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Walt Whitman to Louisa Van Velsor Whitman, 26 April 1864

Dearest Mother

Burnside's army passed through here yesterday—I saw George & walked with him in the regiment for some distance & had quite a talk—he is very well, he is very much tanned & looks hardy, I told him all the latest news from home—George stands it very well, & looks & behaves the same good & noble fellow he always was & always will be—it was on 14th st.—I watched three hours before the 51st came along—I joined him just before they came to where the President & Gen Burnside were standing with others on a balcony, & the interest of seeing me &c. made George forget to notice the President & salute him—he was a little annoyed at forgetting it—I called his attention to it, but we had passed a little too far on, & George wouldn't turn round even ever so little—however there was a great many (more than half the army) passed without noticing Mr Lincoln & the others, for there was a great crowd all through the streets, especially here, & the place where the President stood was not conspicuous from the rest— The 9th Corps made a very fine show indeed—there were I should think five very full regiments of new black troops under Gen Ferrero,1 they looked & marched very well—It looked funny to see the President standing with his hat off to them just the same as the rest as they passed by—then there [were] Michigan regiments, one of them was a reg't of sharpshooters, partly composed of indians—then there was a pretty strong force of artillery—& a middling force of cavalry, many New York, Pennsylvania, Massachusetts, R[hode] I[sland], &c reg'ts—all except the blacks were veterans, seen plenty of fighting—Mother, it is very different to see a real army of fighting men, from one of those shows in Brooklyn, or New York, or on fort Greene—

Mother, it was a curious sight to see these ranks after ranks of our own dearest blood of men, mostly young, march by, worn & sunburnt & sweaty, with well worn clothes & their bundles & knapsacks, tin cups & some with frying pans, strapt over their backs, all dirty & sweaty—nothing real neat about them except their muskets, but they were all as clean & bright as silver—they were four or five hours passing along, marching with wide ranks pretty quickly too—it is a great sight to see such a big Army, 25 or 30,000, on the march—they are all so gay too, poor fellows—nothing dampens their spirits—they all got soaked with rain the night before—I saw Fred McReady & Capt Sims, & Col LeGendre2 &c—I dont know exactly where Burnside's army is going—among other rumors it is said they [are] to go [with] the Army of the Potomac to act as a reserve force, &c—another is that they are to make a flank march, to go round & get Lee on the side &c—We know nothing—I havn't been out this morning & dont know what news, only that there is without doubt to be a terrible campaign here in Virginia this summer, & that all who know deepest about it, are very serious about it—Mother, it is serious times—I do not feel to fret or whimper, but in my heart & soul about our country, the army, the forthcoming campaign with all its vicissitudes & the wounded & slain—I dare say, Mother, I feel the reality more than some because I [am] in the midst of its saddest results so much—Others may say what they like, I believe in Grant & in Lincoln too—I think Grant deserves to be trusted, he is working continually—no one knows his plans, we will only know them when he puts them in operation—Our Army is very large here in Virginia this spring & they are still pouring in from east & west—you dont see about it in the papers, but we have very large army here—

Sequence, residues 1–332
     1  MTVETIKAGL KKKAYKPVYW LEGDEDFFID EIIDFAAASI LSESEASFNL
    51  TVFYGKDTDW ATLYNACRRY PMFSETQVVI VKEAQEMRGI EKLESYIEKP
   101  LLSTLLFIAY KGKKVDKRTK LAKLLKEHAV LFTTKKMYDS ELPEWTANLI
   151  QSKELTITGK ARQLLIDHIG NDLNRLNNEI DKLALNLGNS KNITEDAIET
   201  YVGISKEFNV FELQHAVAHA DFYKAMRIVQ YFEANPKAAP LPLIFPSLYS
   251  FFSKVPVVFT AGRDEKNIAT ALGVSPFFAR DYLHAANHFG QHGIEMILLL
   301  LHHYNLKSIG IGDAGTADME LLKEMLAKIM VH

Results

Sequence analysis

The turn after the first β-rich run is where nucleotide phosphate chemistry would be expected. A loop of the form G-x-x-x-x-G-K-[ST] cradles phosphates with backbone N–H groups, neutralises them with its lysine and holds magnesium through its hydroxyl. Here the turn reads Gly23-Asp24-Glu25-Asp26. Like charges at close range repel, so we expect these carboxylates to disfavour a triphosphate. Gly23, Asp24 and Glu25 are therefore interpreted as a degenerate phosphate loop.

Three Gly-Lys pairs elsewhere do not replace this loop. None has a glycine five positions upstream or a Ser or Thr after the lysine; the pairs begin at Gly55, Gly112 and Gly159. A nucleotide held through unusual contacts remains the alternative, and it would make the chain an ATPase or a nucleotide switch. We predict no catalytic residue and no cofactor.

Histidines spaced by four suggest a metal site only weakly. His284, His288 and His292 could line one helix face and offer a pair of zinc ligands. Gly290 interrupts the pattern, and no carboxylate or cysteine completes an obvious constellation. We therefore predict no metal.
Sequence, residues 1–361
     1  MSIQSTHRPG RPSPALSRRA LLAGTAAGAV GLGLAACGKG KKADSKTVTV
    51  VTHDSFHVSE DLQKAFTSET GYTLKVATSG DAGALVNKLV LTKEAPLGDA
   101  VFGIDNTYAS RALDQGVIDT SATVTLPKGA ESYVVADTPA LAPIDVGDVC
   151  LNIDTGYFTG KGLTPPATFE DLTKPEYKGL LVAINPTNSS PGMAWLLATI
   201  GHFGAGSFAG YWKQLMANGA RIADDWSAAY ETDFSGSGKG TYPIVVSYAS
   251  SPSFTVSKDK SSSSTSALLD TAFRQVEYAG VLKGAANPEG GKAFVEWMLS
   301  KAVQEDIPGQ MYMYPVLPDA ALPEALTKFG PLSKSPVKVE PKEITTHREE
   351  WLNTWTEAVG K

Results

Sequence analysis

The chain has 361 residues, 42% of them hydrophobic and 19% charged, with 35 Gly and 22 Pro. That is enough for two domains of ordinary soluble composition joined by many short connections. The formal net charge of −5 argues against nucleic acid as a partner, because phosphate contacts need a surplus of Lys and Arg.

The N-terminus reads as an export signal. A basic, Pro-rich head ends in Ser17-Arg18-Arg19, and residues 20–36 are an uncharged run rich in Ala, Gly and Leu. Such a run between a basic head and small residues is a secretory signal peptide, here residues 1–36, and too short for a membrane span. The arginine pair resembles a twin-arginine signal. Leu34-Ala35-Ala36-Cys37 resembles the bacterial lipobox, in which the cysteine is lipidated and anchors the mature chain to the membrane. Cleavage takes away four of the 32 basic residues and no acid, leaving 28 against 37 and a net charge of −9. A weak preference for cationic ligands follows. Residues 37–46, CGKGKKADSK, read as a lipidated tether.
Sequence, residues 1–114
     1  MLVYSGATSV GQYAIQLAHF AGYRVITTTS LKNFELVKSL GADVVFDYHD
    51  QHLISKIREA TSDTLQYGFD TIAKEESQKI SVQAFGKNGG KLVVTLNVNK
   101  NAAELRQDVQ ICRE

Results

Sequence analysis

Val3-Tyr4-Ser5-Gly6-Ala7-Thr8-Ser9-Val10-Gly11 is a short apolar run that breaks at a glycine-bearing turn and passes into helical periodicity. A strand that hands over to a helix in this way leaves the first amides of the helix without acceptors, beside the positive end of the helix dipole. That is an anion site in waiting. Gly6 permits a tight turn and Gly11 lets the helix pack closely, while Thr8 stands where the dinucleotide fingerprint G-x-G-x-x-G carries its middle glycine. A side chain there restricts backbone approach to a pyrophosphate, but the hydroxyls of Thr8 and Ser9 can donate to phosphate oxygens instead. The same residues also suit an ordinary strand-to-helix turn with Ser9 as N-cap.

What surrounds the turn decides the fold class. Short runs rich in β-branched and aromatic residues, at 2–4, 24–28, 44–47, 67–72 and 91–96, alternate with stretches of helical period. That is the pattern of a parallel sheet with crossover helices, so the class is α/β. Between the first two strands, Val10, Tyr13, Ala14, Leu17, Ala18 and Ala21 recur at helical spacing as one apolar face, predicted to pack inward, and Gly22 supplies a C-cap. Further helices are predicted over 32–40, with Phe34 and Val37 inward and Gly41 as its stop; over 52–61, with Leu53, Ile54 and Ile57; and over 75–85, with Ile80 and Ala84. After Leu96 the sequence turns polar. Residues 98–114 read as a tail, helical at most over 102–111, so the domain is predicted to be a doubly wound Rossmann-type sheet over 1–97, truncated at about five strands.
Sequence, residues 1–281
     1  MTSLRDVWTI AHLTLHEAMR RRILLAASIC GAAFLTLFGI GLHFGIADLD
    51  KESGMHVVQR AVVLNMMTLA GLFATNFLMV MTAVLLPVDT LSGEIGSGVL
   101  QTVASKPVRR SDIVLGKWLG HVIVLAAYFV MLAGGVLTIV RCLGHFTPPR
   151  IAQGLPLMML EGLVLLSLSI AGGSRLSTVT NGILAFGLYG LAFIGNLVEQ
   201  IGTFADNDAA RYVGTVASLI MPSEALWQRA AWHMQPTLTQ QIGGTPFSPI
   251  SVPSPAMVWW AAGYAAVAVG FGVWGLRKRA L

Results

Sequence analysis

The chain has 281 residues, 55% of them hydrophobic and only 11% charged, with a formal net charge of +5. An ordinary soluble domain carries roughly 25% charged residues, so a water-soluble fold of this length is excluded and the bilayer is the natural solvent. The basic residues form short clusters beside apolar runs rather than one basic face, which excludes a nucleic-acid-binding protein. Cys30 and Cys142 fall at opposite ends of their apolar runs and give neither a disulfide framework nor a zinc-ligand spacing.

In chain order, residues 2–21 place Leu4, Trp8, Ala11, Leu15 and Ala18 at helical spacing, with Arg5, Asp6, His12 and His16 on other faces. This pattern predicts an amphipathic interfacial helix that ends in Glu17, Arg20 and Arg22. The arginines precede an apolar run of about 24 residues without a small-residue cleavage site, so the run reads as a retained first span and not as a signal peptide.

Mother, I am first rate in health, thank God, I never was better—dear mother, have you got all over that distress & sickness in your head? You must write particular about it—Dear brother Jeff, how are you, & how is Matty?—& how the dear little girls—Jeff, I believe the devil is in it about my writing you, I have laid out so many weeks to write you a good long letter, & something has shoved it off each time—never mind, mother's letters keep you posted—you must write & don't forget to tell me all about sis, is she as good & interesting as she was six months ago? Mother, have you heard any thing from Han? Mother, I have just had my breakfast, I had it in my room, some hard biscuits warmed on stove, & a first rate bowl of strong tea, with good milk & sugar—I have given a Michigan soldier3 his breakfast with me, he relished it too, he has just gone—Mother, I have just heard again that Burnside's troops are to be a reserve to protect Washington, so there may be something in it—


It is very fine weather here yesterday & to–day—the hospitals are very full, they are putting up hundreds of hospital tents—


  • 1. See Whitman's letter from December 29, 1862. [back]
  • 2. On April 16, 1864 when George wrote to Walt Whitman, LeGendre (see the letter from April 15, 1863) and Sims (see the letter from May 26, 1863) were still in New York recruiting for the regiment. In the same letter, George reported that McReady (see the letter from May 13, 1863) was now a second lieutenant. [back]
  • 3. Possibly Albert G. Knapp, who wrote to Whitman on April 2, 1876 (Henry W. and Albert A. Berg Collection, New York Public Library), and recalled their meetings at the Judiciary Square Hospital in 1863 and at Armory Square Hospital in 1864. Knapp remained in Washington until the summer of 1865. [back]
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